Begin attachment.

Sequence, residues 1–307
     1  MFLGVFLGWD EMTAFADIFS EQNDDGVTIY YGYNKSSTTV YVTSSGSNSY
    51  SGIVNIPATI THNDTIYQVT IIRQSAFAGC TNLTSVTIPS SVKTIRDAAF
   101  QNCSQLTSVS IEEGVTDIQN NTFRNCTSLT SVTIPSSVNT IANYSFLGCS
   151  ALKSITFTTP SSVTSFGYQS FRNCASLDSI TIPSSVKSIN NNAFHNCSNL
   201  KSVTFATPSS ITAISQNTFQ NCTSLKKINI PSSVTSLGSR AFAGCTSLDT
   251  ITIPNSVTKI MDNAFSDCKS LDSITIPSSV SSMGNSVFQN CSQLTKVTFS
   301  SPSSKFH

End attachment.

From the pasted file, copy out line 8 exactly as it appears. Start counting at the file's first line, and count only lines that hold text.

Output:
   301  SPSSKFH